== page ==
Posted on Feb 27, 2017
SSG Geospatial Intelligence Imagery Analyst
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In which career fields is good for? Myself and other Soldiers received pressure to take online courses for the sake of boosting promotion potential. Anytime I explained that I was exploring my options for majors, I would get the above statement. Leaders universally said that all I needed to do was transfer my existing credits to a university that would frankenstein them into a pseudo G.S. degree.
Edited 5 y ago
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Stevan Richards
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It comes down to what you want to do in a civilian career. If you want to be an Engineer you will need an engineering degree. If your goal is to work in accounting, a finance degree will likely be required. Most larger companies are held to DoL standards and compliance that require what are called Labor Categories (LCATs). A labor category is going to be a required level of education and years of experience and may vary by company.

For example: a GEOINT Analyst I may only require a HS diploma and 3 years of relevant experience. A GEOINT Analyst II may require a HS diploma and 5 years of experience. Meanwhile a Software Engineer I may require a BS degree in Engineering or a related technical field like computer science is required plus 2 or more years related experience

I would encourage to take a look at Job Descriptions for civilian positions that you may want to target when you get out. That will help guide your decisions in regards to higher education.

If you have any questions, feel free to message me directly and I will be happy to provide guidance from a civilian POV.
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Lt Col Jim Coe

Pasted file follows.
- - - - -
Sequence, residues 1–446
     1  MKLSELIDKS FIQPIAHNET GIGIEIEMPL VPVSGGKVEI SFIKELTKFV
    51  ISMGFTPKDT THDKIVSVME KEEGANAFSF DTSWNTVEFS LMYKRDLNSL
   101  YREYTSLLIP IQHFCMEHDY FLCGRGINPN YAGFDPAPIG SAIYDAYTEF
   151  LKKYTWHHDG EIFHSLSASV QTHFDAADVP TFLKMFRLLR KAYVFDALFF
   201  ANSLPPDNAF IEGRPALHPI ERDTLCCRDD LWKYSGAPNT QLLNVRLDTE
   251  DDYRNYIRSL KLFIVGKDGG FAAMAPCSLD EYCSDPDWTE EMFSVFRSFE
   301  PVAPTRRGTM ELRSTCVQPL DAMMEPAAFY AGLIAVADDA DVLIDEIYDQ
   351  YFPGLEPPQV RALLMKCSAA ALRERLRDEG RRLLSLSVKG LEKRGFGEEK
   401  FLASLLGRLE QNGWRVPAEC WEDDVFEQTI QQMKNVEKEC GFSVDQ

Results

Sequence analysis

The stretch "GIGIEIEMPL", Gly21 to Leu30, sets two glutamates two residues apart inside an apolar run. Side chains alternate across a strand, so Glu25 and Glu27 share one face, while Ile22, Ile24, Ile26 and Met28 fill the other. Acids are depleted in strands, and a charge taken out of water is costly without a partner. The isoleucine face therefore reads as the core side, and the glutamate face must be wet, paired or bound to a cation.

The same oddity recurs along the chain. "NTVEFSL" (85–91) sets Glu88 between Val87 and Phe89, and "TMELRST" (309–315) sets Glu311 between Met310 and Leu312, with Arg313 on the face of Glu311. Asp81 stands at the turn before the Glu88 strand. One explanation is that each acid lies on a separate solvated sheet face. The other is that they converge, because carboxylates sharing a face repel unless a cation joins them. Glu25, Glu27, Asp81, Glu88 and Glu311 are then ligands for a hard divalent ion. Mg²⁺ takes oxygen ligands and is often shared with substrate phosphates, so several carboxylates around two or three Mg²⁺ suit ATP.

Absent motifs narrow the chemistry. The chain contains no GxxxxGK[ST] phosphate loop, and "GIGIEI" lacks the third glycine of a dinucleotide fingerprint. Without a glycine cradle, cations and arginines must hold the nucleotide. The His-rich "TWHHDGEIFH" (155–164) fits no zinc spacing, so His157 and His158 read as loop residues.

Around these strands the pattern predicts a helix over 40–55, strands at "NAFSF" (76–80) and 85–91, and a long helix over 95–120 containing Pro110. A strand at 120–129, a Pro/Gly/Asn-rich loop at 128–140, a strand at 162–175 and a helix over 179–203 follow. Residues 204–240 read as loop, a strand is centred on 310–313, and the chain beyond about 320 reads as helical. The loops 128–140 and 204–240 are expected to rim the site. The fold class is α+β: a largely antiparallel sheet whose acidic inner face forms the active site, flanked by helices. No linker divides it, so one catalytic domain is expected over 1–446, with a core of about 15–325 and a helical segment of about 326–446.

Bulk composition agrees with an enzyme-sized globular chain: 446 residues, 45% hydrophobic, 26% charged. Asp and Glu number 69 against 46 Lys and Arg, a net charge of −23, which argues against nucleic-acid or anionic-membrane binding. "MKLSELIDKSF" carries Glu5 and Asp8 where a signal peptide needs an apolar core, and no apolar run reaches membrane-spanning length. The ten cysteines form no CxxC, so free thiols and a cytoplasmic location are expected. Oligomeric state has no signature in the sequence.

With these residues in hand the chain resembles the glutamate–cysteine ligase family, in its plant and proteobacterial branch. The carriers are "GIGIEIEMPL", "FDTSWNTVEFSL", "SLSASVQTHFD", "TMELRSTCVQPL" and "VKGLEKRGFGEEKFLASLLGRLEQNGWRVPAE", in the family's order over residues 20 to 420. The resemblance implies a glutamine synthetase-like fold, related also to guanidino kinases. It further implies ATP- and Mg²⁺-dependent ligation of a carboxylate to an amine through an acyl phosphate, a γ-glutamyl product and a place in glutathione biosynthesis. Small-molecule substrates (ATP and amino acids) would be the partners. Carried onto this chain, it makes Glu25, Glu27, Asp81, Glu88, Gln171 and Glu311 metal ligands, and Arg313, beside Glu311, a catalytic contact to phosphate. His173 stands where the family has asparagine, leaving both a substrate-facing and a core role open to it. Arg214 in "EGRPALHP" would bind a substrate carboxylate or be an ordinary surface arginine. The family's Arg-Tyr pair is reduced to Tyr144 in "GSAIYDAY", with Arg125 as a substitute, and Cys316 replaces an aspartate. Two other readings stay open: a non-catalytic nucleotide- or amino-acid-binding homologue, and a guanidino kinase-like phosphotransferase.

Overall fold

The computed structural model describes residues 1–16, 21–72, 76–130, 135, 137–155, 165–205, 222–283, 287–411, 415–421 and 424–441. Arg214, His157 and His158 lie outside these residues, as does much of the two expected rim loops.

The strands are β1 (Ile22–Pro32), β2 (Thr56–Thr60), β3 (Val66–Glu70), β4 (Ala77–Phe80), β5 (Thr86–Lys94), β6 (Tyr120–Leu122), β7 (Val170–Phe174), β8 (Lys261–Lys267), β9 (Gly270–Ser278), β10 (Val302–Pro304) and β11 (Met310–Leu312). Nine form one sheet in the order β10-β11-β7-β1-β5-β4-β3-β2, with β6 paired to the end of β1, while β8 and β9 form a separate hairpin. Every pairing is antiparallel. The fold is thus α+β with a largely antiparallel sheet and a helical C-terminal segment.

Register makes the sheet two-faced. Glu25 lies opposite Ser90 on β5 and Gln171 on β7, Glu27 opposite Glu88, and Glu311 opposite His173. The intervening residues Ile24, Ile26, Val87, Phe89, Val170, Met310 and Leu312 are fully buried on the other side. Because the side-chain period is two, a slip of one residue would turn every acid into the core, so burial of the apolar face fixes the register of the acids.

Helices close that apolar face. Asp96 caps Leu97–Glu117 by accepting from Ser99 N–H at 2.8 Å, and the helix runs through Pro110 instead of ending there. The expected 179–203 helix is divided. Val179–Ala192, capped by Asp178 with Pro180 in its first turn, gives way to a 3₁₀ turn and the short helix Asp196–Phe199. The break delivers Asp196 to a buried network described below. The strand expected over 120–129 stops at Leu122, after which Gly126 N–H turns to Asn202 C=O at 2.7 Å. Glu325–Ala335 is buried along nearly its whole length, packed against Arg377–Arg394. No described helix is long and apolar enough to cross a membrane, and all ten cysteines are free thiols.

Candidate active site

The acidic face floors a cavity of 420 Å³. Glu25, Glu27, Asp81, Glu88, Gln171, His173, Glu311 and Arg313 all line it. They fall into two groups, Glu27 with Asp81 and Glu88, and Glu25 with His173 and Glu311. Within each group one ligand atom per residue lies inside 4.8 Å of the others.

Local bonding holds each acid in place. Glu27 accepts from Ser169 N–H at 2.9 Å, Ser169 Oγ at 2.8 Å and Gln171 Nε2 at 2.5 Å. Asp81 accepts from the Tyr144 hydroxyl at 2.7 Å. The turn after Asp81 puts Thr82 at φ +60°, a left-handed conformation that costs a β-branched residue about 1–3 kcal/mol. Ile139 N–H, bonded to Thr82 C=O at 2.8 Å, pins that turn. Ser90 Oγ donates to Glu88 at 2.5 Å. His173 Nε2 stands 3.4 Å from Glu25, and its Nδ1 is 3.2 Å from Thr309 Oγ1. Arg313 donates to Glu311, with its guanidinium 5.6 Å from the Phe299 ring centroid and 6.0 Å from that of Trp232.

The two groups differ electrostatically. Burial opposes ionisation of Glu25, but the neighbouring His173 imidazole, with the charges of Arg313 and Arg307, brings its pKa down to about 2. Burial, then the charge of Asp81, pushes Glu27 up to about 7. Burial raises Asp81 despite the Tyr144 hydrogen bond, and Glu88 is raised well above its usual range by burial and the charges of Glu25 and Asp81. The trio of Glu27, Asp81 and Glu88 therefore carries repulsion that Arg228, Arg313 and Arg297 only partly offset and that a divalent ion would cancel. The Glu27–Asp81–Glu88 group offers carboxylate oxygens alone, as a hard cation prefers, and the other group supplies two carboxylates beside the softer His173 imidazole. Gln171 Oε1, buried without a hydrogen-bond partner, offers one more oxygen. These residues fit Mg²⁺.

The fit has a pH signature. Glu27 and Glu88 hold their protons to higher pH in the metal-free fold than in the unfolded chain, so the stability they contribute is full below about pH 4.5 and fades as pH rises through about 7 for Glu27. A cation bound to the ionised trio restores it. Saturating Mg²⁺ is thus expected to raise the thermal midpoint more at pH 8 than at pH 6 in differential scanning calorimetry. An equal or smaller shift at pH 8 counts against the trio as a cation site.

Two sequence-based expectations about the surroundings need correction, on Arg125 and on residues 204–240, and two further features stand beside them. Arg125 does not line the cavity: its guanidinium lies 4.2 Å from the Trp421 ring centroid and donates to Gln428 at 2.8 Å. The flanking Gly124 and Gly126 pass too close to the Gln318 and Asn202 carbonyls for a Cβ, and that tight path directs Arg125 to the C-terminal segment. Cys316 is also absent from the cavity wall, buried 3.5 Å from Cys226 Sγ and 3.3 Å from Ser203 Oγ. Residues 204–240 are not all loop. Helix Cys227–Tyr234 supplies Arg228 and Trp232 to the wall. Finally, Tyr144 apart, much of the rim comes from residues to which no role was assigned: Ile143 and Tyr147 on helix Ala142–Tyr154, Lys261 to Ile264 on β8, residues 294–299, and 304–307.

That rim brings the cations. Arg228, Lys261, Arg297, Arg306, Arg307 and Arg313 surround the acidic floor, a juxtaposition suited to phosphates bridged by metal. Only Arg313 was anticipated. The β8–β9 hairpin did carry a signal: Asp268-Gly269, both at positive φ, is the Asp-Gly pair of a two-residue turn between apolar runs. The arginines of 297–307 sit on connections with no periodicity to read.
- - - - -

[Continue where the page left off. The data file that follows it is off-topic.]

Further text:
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I worked as a manager in both public and private sector and had a hand in hiring dozens of people, mostly veterans. Here's my view on education: get as much as you can.

In public and private sectors a degree is often an "opener" for job consideration. I mean having a degree appropriate for the level of employment drew me into reading the rest of the resume. Some jobs require a degree or equivalent experience as stated the job description or announcement. Most managers look for the degree first.

In some cases the type of degree matters, but for many jobs it doesn't. You'll see things like "Bachelors Degree in business, accounting, marketing, or similar is required (equivalent experience considered)." In this case, most any business oriented degree will do. Equivalent experience may be spelled out later in the announcement. In other cases you may find, "Degree in information technology, computer science, or automation engineering required with accompanying certification as an Oracle database administrator required." If you see something like this, the company or agency is looking for pretty specific education and certifications. If you don't have them, don't take time to apply.